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Family Court Judge Arlene Minus Coppadge was subject to disciplinary proceedings for failing to properly report matters held under advisement. Specifically, this matter arose from two instances of delay in the disposition of cases pending before the judge and her subsequent failure to include those cases on the "90 day report" required by Administrative Directive 175. Upon review of the complaint, the Supreme Court concluded that the judge violated Rule 2.5(C) of the Delaware Judges' Code of Judicial Conduct, and was accordingly sanctioned. View "In Re: The Honorable Arlene Minus Coppadge" on Justia Law

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DTC filed a complaint with the Court of Chancery against the Union and Harry Bruckner, a para-transit driver, in the nature of a declaratory judgment action (Complaint) pursuant to Title 1, Chapter 65. The Complaint sought an order vacating or modifying a labor arbitration award issued by a certain arbitrator pursuant to a collective bargaining agreement between DTC and the Union. The award reinstated Bruckner, who was terminated by DTC, with back pay less interim earnings. The Court of Chancery granted the Union's motion for summary judgment. DTC's sole argument on appeal was that the arbitrator's decision should be vacated due to the appearance of bias or partiality on the part of the arbitrator. The court held that the alleged bias or partiality which DTC attributed to the arbitrator failed to meet the "evident partiality" standard where the mere fact that an arbitrator may share a personal life experience with a party or a party's agent was legally insufficient to constitute a substantial relationship that a reasonable person would conclude was powerfully suggestive of bias. Accordingly, the judgment was affirmed. View "Delaware Transit Corp. v. Amalgamated Transit Union Local 842" on Justia Law

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A real estate agent served as the seller's agent for two sales of the same house. The initial purchaser submitted a bid for the house and, the same day, hired the initial seller's agent to serve as seller's agent for the second sale. A few days later, the agent convinced the initial seller to accept the initial purchaser's bid without disclosing his conflict of interest or the purchaser's interest in flipping the house. After one day of trial concerning the initial seller's complaint against the agent alleging, inter alia, breach of fiduciary duties, the trial judge granted defendant's motion for a directed verdict. The court held that because plaintiff raised issues of material fact concerning whether defendant breached his fiduciary duties to the seller, the court remanded the case for a new trial. View "Estate of Eller v. Bartron" on Justia Law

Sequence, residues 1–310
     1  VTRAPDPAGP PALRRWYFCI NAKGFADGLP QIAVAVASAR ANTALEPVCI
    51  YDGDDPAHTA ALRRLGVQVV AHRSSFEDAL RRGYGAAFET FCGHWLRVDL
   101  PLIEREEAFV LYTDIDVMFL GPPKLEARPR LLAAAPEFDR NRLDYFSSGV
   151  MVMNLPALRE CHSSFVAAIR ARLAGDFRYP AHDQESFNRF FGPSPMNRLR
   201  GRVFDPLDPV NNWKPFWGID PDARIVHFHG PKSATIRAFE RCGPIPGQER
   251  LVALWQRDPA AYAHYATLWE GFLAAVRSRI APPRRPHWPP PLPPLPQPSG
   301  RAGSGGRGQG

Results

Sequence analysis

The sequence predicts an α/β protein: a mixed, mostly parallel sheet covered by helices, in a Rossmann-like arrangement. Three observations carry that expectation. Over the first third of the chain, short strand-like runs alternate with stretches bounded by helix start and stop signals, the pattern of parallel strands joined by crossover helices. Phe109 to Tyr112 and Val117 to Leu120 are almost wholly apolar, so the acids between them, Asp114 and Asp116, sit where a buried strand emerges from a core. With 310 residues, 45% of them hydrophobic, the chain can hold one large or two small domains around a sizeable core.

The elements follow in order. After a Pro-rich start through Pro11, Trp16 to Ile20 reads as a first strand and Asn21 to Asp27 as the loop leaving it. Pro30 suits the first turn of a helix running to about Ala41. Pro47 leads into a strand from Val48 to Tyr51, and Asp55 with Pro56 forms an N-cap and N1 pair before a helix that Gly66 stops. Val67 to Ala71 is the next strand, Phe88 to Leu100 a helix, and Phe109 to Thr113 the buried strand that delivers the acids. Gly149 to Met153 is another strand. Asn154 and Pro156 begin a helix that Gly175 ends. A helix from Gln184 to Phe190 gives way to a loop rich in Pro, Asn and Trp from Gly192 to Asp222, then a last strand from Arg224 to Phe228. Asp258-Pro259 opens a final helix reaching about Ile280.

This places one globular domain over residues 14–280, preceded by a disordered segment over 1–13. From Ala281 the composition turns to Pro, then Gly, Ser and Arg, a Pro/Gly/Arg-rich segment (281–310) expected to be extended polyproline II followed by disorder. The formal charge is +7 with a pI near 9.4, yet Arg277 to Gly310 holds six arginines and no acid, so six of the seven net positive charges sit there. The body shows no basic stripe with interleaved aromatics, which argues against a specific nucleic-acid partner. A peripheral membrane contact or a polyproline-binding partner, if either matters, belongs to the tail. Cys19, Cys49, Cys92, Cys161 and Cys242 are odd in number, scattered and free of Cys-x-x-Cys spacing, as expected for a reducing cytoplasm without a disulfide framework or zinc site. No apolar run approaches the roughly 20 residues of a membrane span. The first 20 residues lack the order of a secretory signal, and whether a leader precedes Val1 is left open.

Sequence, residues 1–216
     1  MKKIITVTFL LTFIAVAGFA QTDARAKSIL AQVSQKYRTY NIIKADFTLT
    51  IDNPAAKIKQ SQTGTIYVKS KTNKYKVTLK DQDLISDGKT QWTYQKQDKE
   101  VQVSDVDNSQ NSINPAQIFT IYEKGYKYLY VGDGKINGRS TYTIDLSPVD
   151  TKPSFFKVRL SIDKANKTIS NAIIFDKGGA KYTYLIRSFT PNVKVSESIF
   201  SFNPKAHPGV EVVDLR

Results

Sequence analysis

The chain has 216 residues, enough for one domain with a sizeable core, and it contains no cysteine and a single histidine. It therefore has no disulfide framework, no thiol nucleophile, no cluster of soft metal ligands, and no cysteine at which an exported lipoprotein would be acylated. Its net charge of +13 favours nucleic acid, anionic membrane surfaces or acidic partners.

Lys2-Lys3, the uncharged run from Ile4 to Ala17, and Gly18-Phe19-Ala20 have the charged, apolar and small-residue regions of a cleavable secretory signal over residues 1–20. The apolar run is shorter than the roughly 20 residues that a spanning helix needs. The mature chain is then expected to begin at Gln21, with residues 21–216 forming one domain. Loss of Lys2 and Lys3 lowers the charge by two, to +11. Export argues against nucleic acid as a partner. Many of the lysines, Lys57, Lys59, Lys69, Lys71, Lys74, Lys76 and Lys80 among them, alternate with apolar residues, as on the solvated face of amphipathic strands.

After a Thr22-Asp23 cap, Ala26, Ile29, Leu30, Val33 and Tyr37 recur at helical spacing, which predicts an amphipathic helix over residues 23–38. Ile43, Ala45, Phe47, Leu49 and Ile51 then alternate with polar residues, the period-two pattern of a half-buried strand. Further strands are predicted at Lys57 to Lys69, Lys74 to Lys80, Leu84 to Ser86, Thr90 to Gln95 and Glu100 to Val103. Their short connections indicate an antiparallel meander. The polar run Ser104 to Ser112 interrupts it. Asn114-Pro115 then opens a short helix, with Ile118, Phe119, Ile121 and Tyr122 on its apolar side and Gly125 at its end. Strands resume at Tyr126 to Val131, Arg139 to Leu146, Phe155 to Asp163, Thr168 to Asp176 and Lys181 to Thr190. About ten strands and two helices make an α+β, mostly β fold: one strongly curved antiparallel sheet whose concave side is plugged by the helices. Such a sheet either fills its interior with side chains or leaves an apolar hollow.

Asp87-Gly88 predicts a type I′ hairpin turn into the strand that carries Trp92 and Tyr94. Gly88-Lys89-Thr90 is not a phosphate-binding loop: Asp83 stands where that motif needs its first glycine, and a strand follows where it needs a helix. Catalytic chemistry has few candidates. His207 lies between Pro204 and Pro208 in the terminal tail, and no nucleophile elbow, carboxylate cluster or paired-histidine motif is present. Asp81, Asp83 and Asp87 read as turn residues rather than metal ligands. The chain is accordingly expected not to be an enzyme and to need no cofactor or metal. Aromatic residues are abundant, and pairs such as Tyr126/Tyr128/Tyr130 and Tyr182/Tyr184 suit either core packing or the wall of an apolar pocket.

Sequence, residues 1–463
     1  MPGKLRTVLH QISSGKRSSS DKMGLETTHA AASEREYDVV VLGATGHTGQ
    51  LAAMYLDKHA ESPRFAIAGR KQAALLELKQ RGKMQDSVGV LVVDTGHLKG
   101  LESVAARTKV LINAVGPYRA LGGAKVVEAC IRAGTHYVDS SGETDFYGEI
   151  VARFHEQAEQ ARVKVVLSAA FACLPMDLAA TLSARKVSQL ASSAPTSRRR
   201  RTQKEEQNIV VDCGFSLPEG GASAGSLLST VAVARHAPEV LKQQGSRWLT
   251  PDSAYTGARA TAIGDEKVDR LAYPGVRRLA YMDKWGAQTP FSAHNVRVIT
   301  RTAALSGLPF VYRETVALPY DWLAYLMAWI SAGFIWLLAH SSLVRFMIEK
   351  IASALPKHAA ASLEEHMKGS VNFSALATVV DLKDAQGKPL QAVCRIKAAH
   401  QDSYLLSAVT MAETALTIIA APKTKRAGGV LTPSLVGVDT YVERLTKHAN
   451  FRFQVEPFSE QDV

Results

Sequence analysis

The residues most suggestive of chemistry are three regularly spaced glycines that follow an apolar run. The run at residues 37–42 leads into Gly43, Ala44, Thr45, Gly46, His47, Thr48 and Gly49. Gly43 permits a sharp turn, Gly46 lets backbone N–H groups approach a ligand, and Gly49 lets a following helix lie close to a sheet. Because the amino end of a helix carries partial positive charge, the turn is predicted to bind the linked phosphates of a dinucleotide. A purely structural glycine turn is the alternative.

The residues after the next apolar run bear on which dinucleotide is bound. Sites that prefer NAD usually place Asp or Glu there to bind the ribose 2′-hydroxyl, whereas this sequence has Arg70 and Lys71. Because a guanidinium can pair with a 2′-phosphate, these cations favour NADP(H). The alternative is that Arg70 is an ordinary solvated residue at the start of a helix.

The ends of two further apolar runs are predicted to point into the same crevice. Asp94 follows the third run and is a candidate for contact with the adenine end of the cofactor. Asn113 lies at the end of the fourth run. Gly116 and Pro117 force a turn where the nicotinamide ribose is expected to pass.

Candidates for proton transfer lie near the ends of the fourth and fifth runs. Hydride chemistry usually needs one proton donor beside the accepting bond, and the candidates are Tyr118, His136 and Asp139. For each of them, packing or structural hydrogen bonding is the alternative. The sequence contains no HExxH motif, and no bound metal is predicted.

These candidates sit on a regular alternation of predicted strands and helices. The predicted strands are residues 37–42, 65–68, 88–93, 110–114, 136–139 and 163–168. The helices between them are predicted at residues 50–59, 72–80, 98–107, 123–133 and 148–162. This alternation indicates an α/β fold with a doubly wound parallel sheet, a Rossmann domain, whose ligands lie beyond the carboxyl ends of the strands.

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Appellants in this derivative action, who are shareholders of Primedia, Inc., appealed the Court of Chancery's decision granting the Primedia Special Litigation Committee's ("SLC") Motion to Dismiss claims arising out of a series of alleged violations of fiduciary duty by defendants. As a preliminary matter, the court invoked the exception to mootness doctrine in this case because it was a matter of public importance that was capable of repetition yet could evade review where other litigants have raised the Brophy v. Cities Co. issue in actions now pending before the Court of Chancery. The court held that Brophy did not require an element of harm to the corporation before disgorgement was an available remedy and to the extent Pfeiffer v. Toll conflicted with this holding, it was wrong. In Brophy, the court relied on the principles of restitution and equity and as the Brophy court recognized, it was inequitable to permit the fiduciary to profit from using confidential corporate information. The court also held that the Vice Chancellor's analysis of the SLC's Motion to Dismiss under Zapata Corp. v. Maldonado's second prong could not be affirmed in the shadow of Pfeiffer's incorrect holding. Accordingly, the judgment of the Court of Chancery was reversed and the case remanded for further proceedings.